John Jackman's Bluescreen Compositing, published by Focal Press, is a great place to begin to learn the keys to chroma. Jackman, the head of an independent film production firm with over 30 years experience, starts the reader out at the beginning with the technology of yore–Hollywood's blue screen film effects of the 1950s through the original 1977 Star Wars, and the first green screen chromakey systems for video in the 1970s. Jackman's book then quickly moves on, to the various software keyers built into today's popular video editing programs.
These chapters serve as both an overview as to what's out there, as well as a hands-on instruction to getting the best keys from these various programs and applets. A DVD-ROM attached to the book sleeve provides footage for use in these tutorials.
Also included is a chapter on hardware-based keyers, which are popular in studios for live use behind those still ubiquitous TV weathermen.
By the end of the book, and through experimentation with its tutorials, you should have the chromakeys to the highway, whether you'd like to produce The Longest Day with three friends, or become a one-man video news producer.
The Joy Of Virtual Sets
Once you're able to pull off a decent key, it's now possible to put your on-screen talent (or yourself, if you're a one man video band) into all sorts of unique settings, as I did in the above video. In the past television productions required a dedicated studio. Now for about $2,500 for software, lighting kit and a green screen backing, it's possible to "build" a virtual set that looks like it costs a lot more than it does.
Mad at the president? Key yourself standing in front of the White House. Mad at Hollywood? Key yourself into a photo of the Academy Awards stage.
Want to report the news–or comment on it? It's possible to key yourself into a slick looking nightly news set. This video was shot using several of the virtual sets originally produced by Serious Magic, a company acquired a few years ago by Adobe. They're designed to be used with Adobe's Ultra 2 keying software, which provides a relatively low entry price, and has an extremely intuitive, easy to learn GUI. (You'll still likely need an editing program to finish things off, and the clips in my video were later edited together in Adobe's Premiere Pro.) The Ultra 2 demo reel in the video helps to explain some of the very basics of green screen and keying.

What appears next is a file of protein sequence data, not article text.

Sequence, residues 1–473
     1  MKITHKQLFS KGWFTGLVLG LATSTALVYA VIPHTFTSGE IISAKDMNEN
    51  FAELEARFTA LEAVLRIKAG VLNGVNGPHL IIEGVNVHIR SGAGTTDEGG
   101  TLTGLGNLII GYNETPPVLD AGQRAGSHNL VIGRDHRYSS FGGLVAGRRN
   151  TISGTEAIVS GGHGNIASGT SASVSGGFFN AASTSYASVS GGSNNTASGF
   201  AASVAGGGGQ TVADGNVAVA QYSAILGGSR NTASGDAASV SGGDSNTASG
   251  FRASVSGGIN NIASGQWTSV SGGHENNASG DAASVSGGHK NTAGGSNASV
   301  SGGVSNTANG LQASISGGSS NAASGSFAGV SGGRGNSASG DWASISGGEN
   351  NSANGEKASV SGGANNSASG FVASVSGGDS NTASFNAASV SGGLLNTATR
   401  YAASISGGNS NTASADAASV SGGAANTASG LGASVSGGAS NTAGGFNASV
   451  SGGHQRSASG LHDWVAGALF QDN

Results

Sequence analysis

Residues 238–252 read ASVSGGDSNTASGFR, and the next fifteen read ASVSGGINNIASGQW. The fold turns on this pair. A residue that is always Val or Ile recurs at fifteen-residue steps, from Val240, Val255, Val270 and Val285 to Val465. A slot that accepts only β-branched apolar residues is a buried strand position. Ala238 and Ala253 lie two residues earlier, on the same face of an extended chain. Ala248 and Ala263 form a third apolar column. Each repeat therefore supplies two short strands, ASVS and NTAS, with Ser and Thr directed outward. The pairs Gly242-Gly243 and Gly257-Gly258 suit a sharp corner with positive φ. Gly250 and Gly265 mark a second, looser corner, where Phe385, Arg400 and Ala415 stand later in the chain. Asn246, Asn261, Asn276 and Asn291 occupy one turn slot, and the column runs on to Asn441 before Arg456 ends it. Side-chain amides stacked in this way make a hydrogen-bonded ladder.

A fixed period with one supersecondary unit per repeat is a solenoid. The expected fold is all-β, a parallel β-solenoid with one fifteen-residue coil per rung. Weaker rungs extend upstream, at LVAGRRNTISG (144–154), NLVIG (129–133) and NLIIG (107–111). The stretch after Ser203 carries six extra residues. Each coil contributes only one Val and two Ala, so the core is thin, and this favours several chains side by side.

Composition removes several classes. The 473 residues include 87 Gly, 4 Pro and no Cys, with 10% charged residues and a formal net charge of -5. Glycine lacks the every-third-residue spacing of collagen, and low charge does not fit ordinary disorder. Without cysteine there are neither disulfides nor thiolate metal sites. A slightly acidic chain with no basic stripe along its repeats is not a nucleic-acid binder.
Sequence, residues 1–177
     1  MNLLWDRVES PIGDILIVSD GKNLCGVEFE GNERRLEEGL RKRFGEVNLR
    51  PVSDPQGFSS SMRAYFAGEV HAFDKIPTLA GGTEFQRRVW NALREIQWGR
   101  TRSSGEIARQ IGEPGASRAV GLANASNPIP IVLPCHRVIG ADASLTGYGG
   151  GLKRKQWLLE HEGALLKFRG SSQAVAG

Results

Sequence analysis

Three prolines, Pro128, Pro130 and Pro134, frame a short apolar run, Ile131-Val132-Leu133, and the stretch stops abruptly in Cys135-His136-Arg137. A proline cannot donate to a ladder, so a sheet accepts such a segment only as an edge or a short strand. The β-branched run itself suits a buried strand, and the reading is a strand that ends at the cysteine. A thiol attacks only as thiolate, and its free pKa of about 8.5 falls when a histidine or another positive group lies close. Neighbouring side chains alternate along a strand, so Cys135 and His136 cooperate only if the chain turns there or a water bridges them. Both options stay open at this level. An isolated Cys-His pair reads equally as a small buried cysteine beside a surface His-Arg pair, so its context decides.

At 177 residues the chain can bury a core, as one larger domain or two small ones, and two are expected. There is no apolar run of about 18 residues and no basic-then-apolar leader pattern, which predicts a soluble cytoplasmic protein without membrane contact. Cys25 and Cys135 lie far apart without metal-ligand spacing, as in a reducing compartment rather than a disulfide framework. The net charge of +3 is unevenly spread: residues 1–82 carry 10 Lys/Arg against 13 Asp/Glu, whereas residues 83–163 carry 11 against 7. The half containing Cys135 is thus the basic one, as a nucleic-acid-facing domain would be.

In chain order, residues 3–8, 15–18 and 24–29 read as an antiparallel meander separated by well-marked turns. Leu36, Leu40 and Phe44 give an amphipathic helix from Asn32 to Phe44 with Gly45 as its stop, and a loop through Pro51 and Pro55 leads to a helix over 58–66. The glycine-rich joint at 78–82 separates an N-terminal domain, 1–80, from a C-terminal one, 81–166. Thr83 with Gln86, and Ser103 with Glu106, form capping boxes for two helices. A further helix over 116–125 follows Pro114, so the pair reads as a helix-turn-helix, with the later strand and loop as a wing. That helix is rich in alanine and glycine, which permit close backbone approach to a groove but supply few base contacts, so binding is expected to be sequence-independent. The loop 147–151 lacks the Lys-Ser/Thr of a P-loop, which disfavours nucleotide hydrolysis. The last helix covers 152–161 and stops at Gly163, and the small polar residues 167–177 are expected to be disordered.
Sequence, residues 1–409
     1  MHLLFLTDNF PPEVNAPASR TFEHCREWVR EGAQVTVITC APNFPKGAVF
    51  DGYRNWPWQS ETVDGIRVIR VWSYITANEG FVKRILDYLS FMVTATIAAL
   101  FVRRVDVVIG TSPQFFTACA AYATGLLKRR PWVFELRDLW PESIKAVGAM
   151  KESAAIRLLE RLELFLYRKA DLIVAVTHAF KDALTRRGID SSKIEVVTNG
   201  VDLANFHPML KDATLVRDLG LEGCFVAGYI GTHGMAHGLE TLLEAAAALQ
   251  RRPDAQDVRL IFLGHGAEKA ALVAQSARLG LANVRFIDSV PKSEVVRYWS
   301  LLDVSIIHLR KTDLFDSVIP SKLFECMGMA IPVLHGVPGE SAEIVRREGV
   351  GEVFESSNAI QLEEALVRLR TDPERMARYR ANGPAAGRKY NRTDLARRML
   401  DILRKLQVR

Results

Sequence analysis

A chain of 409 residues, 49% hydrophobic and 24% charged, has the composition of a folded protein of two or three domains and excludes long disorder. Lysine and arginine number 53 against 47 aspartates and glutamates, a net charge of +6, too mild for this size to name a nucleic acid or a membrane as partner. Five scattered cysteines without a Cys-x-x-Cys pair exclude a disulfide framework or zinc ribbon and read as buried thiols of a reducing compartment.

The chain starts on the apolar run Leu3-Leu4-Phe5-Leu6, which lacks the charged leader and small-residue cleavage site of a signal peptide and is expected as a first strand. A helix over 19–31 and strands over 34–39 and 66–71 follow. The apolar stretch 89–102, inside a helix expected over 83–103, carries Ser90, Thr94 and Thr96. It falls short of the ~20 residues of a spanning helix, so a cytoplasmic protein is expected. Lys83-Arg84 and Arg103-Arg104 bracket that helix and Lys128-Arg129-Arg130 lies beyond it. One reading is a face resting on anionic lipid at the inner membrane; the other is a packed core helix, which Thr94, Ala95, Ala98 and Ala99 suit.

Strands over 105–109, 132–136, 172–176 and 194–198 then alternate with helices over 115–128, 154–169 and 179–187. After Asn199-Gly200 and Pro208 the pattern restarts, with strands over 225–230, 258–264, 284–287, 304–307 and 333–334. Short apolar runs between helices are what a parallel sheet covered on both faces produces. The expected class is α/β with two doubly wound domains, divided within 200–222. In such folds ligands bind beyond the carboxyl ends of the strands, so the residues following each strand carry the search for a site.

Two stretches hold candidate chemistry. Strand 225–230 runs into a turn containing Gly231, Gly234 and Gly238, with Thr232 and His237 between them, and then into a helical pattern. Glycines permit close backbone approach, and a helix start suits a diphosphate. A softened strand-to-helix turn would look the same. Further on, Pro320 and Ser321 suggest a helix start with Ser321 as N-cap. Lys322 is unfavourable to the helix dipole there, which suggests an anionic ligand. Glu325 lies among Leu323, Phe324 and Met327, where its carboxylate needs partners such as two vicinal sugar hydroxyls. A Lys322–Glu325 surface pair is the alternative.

As anyone who's spent any time surfing the Blogosphere or YouTube knows, this is a tremendous period of experimentation for Internet video, and it hasn't gone unnoticed. Hollywood in general has always been uncomfortable with the World Wide Web and Silicon Valley's empowering entrepreneurship. Primetime television has been distressed with the idea of YouTube since about five minutes before it arrived.
Traditional big journalism was initially very ill-at-ease with the Blogosphere and the pioneers who preceded it. As PC-based video technology and a growing number of free
video hosting sites make DIY news reporting almost as easy as blogging, and as chromakey applications allow for a low-budget operation to punch far above its weight, look for a similar reaction in the coming decade from television.
Katie Couric might not like the competition she's about to be faced with, but I think she'll get used to it eventually.